Many dreadful contingencies have obtained as a result of my having built a tall-ass horse barn, not the least of which is the decimation of the black-chinned hummingbirds.
I don’t know if you know about hummingbirds. Well, let me enlighten you. They are complete freaks of nature. Their metabolism is extreme and ridiculous, necessitated by their predilection for hovering over flowers and their concomitant aversion to taking a load off. If they don’t eat nectar more or less constantly they’ll starve to death within a couple of hours. This is all well and good and as nature intended and whatnot, until they get trapped in your barn.
Though pleasing to the human eye, the architecture of the barn — involving a 25-foot raised center aisle with skylights and fixed clerestory windows all around — is incompatible with hummingbird survival. They fly into the barn for reasons known only to them.
They don’t fly out.
The hummingbird’s instinct, which clearly evolved previous to the invention of RCA barns, compels them to fly up, up, never down toward the open door, always up, toward the skylights. Among the grimmest spectacles a crone can witness is one of these teensy birds, unaware that freedom awaits only a few feet below, bumping relentlessly at each window in succession until it expires from exhaustion. As distressing as it is for me, I suspect that it is somewhat worse for the bird.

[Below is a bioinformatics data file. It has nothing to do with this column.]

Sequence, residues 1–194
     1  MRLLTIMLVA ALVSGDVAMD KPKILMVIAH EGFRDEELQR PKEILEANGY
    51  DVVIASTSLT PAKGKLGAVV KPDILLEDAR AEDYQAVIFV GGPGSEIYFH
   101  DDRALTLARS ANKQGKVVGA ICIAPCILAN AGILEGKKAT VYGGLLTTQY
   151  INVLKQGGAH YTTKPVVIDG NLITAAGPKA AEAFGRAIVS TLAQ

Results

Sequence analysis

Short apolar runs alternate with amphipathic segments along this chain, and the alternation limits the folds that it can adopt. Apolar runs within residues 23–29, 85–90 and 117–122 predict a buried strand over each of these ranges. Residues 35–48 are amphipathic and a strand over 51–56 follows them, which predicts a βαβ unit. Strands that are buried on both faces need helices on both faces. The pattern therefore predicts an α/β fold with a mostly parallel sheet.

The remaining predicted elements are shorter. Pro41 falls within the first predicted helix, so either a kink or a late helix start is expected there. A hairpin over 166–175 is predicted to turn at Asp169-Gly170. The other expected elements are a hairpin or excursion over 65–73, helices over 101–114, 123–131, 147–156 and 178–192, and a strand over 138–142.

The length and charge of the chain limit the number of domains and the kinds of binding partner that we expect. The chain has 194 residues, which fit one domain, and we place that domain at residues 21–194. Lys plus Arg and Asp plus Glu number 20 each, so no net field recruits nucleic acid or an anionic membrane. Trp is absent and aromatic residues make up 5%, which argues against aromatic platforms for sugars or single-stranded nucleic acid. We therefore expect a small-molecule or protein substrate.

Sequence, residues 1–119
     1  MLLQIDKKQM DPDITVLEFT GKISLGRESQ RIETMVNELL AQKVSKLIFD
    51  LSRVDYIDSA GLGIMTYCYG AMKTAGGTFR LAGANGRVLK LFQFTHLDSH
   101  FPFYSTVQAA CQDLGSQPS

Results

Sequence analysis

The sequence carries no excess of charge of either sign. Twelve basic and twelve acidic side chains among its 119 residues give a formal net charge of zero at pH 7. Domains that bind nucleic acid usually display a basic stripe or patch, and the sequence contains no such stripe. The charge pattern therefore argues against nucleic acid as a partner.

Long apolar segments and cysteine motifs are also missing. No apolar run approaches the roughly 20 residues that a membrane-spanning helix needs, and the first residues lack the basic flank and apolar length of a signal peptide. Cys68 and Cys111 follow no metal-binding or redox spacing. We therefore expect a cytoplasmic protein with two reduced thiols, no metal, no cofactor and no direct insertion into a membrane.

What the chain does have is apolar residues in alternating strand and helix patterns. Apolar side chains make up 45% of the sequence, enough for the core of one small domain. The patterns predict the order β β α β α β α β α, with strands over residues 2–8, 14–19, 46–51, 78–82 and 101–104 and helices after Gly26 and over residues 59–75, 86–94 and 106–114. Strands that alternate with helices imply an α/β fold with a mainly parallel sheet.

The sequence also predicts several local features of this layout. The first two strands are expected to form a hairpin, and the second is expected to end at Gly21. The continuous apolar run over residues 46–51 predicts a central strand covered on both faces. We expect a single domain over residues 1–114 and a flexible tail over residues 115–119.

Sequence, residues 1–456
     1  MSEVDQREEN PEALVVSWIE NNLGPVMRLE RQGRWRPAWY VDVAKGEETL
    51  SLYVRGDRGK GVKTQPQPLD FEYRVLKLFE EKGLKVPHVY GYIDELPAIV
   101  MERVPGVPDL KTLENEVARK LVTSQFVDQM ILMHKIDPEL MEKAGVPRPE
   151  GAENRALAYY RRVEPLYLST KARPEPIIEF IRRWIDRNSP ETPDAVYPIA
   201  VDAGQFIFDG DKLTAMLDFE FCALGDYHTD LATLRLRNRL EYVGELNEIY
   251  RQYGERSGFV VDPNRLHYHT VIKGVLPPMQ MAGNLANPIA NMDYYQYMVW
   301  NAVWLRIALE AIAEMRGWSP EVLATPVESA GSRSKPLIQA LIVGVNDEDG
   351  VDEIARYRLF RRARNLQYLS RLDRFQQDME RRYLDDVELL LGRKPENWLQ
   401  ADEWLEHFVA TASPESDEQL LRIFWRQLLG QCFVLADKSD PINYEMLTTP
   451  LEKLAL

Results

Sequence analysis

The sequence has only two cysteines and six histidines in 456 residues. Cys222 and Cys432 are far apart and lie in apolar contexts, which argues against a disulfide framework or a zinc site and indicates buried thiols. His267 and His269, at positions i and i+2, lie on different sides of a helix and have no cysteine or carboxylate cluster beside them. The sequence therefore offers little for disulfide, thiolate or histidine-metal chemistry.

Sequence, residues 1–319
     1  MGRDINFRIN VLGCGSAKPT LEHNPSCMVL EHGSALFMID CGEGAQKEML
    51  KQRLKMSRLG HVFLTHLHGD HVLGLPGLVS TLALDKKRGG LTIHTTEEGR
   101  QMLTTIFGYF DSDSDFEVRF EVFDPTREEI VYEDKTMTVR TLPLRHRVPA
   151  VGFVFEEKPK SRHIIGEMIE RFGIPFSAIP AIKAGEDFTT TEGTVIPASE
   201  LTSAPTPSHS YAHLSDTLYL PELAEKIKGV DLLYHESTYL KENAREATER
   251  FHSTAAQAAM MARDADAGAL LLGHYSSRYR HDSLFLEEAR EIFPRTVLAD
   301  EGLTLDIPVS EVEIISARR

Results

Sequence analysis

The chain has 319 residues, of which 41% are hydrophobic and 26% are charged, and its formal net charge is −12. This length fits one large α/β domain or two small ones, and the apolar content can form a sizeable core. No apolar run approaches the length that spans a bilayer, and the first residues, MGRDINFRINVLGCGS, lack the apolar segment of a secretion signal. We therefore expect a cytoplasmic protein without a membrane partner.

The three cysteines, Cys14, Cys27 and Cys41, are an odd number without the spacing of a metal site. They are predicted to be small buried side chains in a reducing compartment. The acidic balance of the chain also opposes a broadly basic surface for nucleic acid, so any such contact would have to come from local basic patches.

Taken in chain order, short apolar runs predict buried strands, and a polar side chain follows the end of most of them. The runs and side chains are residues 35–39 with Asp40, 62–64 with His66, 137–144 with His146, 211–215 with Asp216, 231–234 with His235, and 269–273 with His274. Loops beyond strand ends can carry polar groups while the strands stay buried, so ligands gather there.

Now it’s spring again, which means all kinds of horrible things. Oak pollen, and venomous snakes coming out of hibernation, and Eastern phoebes nesting in my carport in order to crap all over my car, and yes, the hummingbirds are back from points south, making their inevitable beeline for my dang barn. Yesterday I found the season’s first casualty dead on the floor.
Well, no more! I say. Based on last year’s detailed observations of trapped hummingbird window-bumping behavior, I have hatched a plan. This plan is predicated on the following hypothesis: if a hole is cut into the wooden gable vent at the same level as the clerestory windows against which the birds are wont to bump, they will eventually find this hole and liberate themselves. Today I am going to set in motion a series of events that will result such a hole being cut. Phase 2 of my cunning plan entails stringing up one of those red plastic feeders on a pulley positioned adjacent to the proposed gable-hole, and hoisting it up there to attract the bird to the exit.
If this doesn’t work I guess I am just doomed to suffer eternally the pangs of cosmic indifference to hummingbird life.
The logo for Dreadful Acres, if I ever get around to drawing it, will be a hummingbird with a teardrop in its eye.